Why Does My Car Pull to the Right When Driving?by Richard Rowe
Once upon a time, cars were engineered with a very slight pull to the right. The idea was that if the driver fell asleep at the wheel, the car would drift off the road instead of into oncoming traffic. Even today, long since that practice ended, it's not uncommon for the "crown" or rise in the middle of the road to cause a certain degree of lateral drift. But there may come a time when you must eventually acknowledge that yes indeed, this thing is definitely trying to drive itself into the trees.
Bad front suspension alignment is probably the No. 1 cause of a car pulling to one side or the other. Almost any kind of alignment problem can cause this, especially if it only affects one wheel. The adjustable steering tie rod that links your front wheels together, and to the steering box, is a likely suspect, especially on rack-and-pinion steering systems. These systems typically have separate adjustments for the "toe angle," the inward or outward wheel angle, for the left and right sides. If one side is adjusted out a little further than the other, the car will pull in that direction. However, camber and caster settings out of spec are just as capable of causing a pull to one side.
Any broken or worn-out part in your suspension may throw it out of alignment and cause a pull in one direction. Usually this will result in a pull that gets more severe with speed, though it's not impossible for certain kinds of failures to cause a low-speed pull that lightens up as the caster angle of the wheel straightens it out at speed. Steering end-link failures and bent or broken tie rods -- or the bushings in them -- might cause this kind of behavior in some cases. Otherwise, you could be looking at a bent or broken control arm, worn-out or shredded control arm bushings, a broken or loose strut or strut mount; effectively, anything in the suspension that moves. A failure in the steering rack's hydraulic power assist circuit is also possible, but not as likely.
A wheel encountering resistance will drag one side of your vehicle back like an anchor dragging on the ground, causing it to pull to that side. Stuck brake slave cylinders and disc brake caliper sliders are notorious for this, causing the brake caliper on one wheel to constantly rub against the disc instead of disengage as it should when you take your foot off the pedal. There are two classic symptoms here. The first is a brake disc or drum on one side that's scorching hot after you drive for a few minutes in a perfectly straight line. The second is that the vehicle straightens out, or the pull drastically decreases in strength, when you hit the brakes. It's not impossible for a bad antilock brake modulator to cause this kind of brake drag, though it's a lot less likely than a bad caliper piston or stuck slider.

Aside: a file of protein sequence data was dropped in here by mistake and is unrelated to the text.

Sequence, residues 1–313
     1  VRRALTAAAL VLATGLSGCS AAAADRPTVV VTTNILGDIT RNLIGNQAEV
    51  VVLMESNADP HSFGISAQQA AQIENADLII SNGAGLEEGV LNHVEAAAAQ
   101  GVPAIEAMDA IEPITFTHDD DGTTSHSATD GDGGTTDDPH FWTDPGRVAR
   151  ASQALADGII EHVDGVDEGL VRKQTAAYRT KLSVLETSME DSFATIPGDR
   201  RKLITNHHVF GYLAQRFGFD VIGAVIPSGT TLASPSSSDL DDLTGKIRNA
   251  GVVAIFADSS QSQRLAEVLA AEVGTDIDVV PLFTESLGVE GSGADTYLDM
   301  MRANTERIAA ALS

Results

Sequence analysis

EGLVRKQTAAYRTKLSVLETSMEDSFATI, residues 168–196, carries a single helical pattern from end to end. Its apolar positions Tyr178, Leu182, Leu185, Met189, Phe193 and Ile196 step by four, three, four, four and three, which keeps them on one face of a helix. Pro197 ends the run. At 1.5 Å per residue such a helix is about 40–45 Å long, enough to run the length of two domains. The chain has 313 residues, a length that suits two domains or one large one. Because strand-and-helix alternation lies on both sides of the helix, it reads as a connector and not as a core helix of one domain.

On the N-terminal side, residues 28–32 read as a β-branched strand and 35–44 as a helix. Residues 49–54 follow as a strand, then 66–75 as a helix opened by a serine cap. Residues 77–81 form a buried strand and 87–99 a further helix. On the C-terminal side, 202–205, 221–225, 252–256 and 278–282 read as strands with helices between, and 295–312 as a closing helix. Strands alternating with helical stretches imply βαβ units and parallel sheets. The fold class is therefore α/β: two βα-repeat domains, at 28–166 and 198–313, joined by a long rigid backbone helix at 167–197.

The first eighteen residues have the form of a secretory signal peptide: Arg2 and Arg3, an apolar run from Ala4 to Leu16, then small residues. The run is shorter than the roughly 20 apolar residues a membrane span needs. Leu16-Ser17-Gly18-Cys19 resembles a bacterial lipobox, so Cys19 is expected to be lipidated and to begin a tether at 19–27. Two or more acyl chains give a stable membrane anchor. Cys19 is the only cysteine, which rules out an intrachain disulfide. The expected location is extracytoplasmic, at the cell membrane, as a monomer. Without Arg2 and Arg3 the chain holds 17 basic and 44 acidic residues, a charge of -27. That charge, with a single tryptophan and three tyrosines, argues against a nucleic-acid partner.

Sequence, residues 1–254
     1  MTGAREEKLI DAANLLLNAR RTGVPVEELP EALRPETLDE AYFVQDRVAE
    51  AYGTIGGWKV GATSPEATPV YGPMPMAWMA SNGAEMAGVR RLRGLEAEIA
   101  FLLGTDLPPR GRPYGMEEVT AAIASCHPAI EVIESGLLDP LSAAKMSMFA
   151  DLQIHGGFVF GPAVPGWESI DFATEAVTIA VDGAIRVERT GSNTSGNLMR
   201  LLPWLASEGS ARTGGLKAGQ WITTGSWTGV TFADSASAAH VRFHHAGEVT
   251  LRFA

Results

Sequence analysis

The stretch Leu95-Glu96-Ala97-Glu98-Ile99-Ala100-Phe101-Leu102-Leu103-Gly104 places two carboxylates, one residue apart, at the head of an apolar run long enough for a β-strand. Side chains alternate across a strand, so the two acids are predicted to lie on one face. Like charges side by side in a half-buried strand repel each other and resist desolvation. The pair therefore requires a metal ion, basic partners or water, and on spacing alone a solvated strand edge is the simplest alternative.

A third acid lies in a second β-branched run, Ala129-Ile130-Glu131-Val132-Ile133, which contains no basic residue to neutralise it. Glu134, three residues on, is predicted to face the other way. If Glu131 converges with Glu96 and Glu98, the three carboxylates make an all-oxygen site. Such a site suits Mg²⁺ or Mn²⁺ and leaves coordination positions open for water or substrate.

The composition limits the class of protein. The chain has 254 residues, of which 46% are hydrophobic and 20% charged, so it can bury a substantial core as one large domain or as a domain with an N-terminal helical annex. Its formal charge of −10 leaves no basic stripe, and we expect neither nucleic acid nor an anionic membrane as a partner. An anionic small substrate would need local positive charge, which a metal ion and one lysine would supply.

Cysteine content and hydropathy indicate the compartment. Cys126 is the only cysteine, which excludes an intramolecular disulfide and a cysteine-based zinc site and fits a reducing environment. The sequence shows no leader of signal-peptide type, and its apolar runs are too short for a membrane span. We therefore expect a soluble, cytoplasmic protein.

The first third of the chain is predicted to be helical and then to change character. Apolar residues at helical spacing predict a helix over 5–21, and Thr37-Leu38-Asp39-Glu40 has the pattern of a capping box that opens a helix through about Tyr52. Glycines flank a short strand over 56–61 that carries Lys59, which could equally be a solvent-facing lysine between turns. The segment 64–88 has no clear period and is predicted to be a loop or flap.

A very bad wheel bearing can cause a pull to one side, not just because of wheel drag, but because it can throw the wheel out of alignment. However, you'll almost certainly hear the bearing grumbling and grinding, and notice the steering wheel vibrating or shimmying, long before the bearing causes a pull. Some vehicles will developing pulling problems after the installation of aftermarket performance lowering springs; sometimes this has to do with camber changes as a result of the lowering, but just as often it's due to a mistake during installation, like loose fasteners or missing alignment shims. Tire failures are always a possibility, but should become evident when you rotate your tires. If the pull goes away or changes when you rotate your tires, then odds are good that the tire you took off the right-front of the vehicle is bad. But before anything else, check your tire pressure on that wheel; low tire pressure will cause excess wheel drag, and a pull in that direction.
Richard Rowe has been writing professionally since 2007, specializing in automotive topics. He has worked as a tractor-trailer driver and mechanic, a rigger at a fire engine factory and as a race-car driver and builder. Rowe studied engineering, philosophy and American literature at Central Florida Community College.